What is audio transcoding? It is the process of converting an audio file from one format to another. There are two types of audio codecs - lossless and lossy. Let's talk about how transcoding affects sound quality. This will allow you to choose the best format for recording and storing your home collection.
1 Lossy to Lossy
Each time, when using the lossy encoder, the sound quality is reduced. There is not way can you recover the original quality, even if you encode from 128 kbps to 320 kbps. For this reason, transcoding between lossy formats is not recommended. The quality of the resulting file will be worse than that of the source file.
The only reason for such a process can be lowering the bit rate or converting to another format for use with portable players, for which quality is not very important.
2 Lossless to Lossless
Unlike the above lossy transcoding, in this case the quality is not lost. Thus, you can perform conversion from one lossless format to another as many times as you need (for example, to increase the compression ratio or to ensure compatibility with certain programs / devices).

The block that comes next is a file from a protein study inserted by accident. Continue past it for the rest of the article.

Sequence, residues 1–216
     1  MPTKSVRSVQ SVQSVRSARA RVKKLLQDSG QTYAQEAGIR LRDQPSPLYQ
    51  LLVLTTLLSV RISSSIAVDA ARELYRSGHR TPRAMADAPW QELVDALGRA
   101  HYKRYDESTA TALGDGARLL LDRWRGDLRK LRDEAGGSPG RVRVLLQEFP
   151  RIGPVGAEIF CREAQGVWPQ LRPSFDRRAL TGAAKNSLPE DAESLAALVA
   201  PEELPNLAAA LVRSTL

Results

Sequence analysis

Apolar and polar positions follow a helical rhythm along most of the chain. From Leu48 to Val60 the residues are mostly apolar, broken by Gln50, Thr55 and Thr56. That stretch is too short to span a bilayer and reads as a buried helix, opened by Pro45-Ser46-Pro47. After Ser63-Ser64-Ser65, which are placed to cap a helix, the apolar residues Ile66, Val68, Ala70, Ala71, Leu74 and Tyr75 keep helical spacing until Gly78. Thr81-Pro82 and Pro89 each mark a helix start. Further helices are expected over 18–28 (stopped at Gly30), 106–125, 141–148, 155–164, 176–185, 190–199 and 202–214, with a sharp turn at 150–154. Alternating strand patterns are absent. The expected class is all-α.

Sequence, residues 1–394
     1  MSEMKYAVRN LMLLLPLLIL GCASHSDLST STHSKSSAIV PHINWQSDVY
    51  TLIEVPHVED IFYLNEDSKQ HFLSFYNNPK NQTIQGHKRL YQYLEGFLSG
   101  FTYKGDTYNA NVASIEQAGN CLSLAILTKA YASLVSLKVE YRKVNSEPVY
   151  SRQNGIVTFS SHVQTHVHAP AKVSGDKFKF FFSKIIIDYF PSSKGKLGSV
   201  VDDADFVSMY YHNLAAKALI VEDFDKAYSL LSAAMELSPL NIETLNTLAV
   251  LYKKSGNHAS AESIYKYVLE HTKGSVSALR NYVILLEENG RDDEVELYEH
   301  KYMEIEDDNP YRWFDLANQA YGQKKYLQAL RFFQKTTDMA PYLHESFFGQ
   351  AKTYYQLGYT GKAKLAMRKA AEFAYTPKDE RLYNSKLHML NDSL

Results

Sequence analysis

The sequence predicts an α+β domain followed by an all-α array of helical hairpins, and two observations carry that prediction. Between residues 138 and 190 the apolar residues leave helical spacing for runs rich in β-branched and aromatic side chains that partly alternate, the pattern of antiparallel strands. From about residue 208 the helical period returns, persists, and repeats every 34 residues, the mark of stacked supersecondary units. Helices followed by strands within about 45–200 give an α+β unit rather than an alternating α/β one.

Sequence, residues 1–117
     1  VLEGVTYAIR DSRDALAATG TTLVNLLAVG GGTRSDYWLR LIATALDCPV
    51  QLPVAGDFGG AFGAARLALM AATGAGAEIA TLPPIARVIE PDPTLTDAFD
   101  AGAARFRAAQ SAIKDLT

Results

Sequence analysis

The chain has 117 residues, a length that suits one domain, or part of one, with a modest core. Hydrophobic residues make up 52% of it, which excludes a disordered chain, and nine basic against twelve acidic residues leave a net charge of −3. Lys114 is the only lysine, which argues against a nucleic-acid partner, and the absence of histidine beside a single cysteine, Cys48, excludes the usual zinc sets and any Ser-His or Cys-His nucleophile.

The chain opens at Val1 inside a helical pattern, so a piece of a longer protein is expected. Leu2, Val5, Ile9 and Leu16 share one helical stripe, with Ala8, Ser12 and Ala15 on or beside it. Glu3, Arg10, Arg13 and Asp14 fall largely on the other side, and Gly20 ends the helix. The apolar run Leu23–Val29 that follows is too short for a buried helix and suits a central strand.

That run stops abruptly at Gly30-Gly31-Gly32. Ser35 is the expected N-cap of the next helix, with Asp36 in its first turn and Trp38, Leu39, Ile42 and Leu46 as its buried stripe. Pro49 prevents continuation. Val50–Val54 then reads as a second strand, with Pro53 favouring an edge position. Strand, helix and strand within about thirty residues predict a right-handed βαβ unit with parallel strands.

3 Lossy to Lossless
Quite often people think that they can improve the sound quality by transcoding lossy into lossless (for example, MP3 to FLAC). In fact, the lossy transformation into lossless is meaningless, because once the sound has passed lossy coding, the losses have already occurred and they are irreversible. Converting from lossy to lossless makes sense only if the original file uses an outdated or rare codec that is not supported by your devices.
4 Lossless to Lossy
Archiving music to lossless gives you the possibility of further transcoding music to any lossy format (for example, in case of new versions of encoders). If you encode into lossy from a lossless source, it is strongly recommended that you save the original lossless file. In this case, if the encoding results are unsatisfactory, you can re-encode your audio collection again.